S17 EDUC 58012 Early Childhood: Typical & Atypical Development

S17 EDUC 58012 Early Childhood: Typical & Atypical Development

Distance Education
3 Credits / Graded A-F
Credit through Alaska Pacific University
Self-paced, start anytime


Early Childhood: Typical and Atypical Development is an interactive distance learning course which explores contemporary best practice and perspectives on early childhood development. Content includes patterns and sequences of typical development for children from birth to six years. Emphasis is on individual differences, cultural influences, and the impact of developmental delay and disability during infancy, toddlerhood, and the preschool years. Discussion will also include instructional technology (IT) and assistive technology (AT) applications for this population.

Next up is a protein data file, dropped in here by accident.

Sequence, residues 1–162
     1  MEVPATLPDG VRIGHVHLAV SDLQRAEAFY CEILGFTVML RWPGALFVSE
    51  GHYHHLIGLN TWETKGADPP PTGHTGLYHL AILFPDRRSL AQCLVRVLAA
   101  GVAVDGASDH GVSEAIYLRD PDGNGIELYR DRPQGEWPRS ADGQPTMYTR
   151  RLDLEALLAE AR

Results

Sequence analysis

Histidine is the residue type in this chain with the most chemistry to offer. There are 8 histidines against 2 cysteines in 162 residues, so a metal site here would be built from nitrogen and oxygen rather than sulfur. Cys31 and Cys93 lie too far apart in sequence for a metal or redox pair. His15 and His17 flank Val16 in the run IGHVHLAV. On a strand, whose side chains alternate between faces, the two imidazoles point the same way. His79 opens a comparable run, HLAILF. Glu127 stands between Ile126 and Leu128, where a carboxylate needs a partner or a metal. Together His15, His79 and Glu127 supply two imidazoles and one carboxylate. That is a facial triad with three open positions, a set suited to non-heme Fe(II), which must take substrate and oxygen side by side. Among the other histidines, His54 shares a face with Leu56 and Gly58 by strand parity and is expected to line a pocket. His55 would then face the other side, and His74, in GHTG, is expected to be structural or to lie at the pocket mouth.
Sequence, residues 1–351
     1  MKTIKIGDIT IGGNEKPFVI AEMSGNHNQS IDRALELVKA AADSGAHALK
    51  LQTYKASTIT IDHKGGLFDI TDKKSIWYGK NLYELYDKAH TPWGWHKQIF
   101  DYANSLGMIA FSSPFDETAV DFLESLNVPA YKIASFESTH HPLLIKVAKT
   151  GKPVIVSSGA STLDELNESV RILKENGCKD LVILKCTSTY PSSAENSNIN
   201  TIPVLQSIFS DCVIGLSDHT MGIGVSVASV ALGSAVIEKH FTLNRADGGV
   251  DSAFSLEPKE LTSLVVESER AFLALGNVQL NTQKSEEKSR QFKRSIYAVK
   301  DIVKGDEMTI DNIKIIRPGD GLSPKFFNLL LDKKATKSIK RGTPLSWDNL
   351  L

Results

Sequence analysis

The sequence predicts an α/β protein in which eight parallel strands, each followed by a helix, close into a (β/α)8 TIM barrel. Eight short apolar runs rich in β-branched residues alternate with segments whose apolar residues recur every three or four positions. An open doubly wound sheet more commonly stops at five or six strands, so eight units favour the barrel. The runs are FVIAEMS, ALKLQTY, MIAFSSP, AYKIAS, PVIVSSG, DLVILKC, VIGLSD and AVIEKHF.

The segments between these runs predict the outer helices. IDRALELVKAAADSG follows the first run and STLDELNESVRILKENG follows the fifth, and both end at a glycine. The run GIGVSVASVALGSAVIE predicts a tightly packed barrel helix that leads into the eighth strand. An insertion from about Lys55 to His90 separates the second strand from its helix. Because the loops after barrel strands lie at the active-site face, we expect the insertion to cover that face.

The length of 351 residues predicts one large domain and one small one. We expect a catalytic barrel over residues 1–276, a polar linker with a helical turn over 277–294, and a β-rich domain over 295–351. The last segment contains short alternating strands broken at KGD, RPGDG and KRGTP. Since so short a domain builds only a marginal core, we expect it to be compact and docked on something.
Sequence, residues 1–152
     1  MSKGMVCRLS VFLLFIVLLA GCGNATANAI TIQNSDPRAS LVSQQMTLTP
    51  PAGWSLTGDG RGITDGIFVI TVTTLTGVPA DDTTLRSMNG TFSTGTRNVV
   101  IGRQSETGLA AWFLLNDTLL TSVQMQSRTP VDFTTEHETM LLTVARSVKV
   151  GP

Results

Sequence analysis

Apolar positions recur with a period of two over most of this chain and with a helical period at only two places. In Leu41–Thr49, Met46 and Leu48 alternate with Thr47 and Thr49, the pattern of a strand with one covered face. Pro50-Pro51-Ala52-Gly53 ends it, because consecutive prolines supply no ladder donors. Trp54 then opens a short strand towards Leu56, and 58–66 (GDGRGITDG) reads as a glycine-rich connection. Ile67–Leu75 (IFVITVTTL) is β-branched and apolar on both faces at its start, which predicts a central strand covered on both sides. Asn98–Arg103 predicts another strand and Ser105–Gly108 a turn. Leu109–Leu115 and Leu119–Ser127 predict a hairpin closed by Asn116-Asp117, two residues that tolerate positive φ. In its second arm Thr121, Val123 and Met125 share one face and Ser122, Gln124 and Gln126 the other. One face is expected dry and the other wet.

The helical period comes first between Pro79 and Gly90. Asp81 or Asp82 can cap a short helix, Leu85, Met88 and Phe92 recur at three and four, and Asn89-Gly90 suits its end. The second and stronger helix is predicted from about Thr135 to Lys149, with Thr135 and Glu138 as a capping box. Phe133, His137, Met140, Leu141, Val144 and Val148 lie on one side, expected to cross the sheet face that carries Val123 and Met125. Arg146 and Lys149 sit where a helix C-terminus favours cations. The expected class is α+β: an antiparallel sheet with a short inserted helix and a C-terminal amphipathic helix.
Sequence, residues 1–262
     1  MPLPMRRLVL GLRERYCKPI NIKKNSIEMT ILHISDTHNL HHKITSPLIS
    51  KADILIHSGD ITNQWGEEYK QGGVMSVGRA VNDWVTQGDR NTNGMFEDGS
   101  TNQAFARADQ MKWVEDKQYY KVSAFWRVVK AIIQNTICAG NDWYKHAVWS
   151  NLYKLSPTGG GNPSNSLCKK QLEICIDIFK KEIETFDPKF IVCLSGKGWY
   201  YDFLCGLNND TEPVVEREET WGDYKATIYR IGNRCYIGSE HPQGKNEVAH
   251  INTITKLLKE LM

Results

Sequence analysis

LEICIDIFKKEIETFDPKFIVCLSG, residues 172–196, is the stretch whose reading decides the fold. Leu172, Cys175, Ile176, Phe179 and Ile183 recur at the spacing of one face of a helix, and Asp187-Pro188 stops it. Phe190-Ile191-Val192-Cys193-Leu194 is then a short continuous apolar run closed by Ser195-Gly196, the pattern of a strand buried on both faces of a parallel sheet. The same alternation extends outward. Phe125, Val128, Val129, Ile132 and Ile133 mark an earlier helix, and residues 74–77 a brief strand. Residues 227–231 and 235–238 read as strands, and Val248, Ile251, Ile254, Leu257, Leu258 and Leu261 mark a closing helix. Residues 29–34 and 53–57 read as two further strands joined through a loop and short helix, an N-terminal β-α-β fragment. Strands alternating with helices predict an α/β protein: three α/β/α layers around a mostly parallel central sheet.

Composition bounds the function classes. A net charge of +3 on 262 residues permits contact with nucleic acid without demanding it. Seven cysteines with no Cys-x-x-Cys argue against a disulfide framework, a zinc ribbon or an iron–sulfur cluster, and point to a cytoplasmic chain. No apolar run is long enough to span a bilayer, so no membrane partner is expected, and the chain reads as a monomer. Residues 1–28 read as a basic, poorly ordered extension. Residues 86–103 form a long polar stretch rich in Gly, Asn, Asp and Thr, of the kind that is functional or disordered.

The first chapter will present an introduction to the study of child development from conception to age 6. We will examine the historical roots and methods of child study, major developmental theories, and developmental principles and definitions. This information will provide grounding for the following chapters on specific ages and developmental areas.

In the second chapter we will start to study child development chronologically. We begin with conception and growth before birth. This overview will include both typical and atypical conception, pregnancy, prenatal development and care, labor, and birth.

The third chapter begins with the newly delivered infant. We will consider the special characteristics and needs of newborns, both typically and atypically developing. Next we will focus on the growth and development of infants up to 12 months in each domain -- motor, cognitive, language, and social-emotional. Milestones, developmental variations, and red flags will be included for each.